64/100 The Post-It Window

I follow ┬áthe www.teachpianotoday.com site, and often use ideas that they suggest. I’m pretty sure this one came from them, but I haven’t been able to track it down. Anyway, here it is;

Can you see, under the coloured pencils, a yellow post-it note with a square-ish hole cut out? I use this when I want a pupil to work on JUST ONE BAR, for some specific reason. Maybe it’s a rhythm, or a chord, or a leap, which they are getting wrong every week, and sort of fudging and bodging their way through without ever stopping and resolving the problem.

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My Piano Teaching Pencil Case

It is particularly helpful for dealing with the problem of always having to go back to the beginning of the piece in order to reach the bar with the problem (by which time, as we all know, they have forgotten what it is you have just taught them). So, I will go over the exact learning process I would like them to follow to overcome whatever the technical issue is, and then ask them to Just Do That One Thing for that piece.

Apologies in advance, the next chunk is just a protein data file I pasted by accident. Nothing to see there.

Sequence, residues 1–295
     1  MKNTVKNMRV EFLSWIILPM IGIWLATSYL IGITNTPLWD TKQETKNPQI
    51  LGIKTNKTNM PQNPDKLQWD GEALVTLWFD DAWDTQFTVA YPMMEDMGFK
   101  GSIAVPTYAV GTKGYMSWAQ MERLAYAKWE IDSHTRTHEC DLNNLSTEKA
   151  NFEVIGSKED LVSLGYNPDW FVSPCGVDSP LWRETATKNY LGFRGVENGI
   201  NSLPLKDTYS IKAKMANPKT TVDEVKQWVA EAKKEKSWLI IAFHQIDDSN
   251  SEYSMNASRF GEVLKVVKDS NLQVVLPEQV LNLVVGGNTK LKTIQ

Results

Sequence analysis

It came into its own when I was doing a run-through with a young, Grade 2 bassoonist just a week before her exam, and discovered that she still hadn’t cracked a couple of bars of one of her pieces. Well, I’m only the accompanist and have never played the bassoon in my life, but a couple of post-it notes framing the offending bars seemed to give her the focus to fix the problem in time for her exam the next week.

Hence the pad of post-its and the folding scissors in my piano teaching bag.

For more canny post-it ideas, visit this page:

http://www.teachpianotoday.com/2016/06/29/5-ways-piano-teachers-can-use-post-it-for-home-practice-success/

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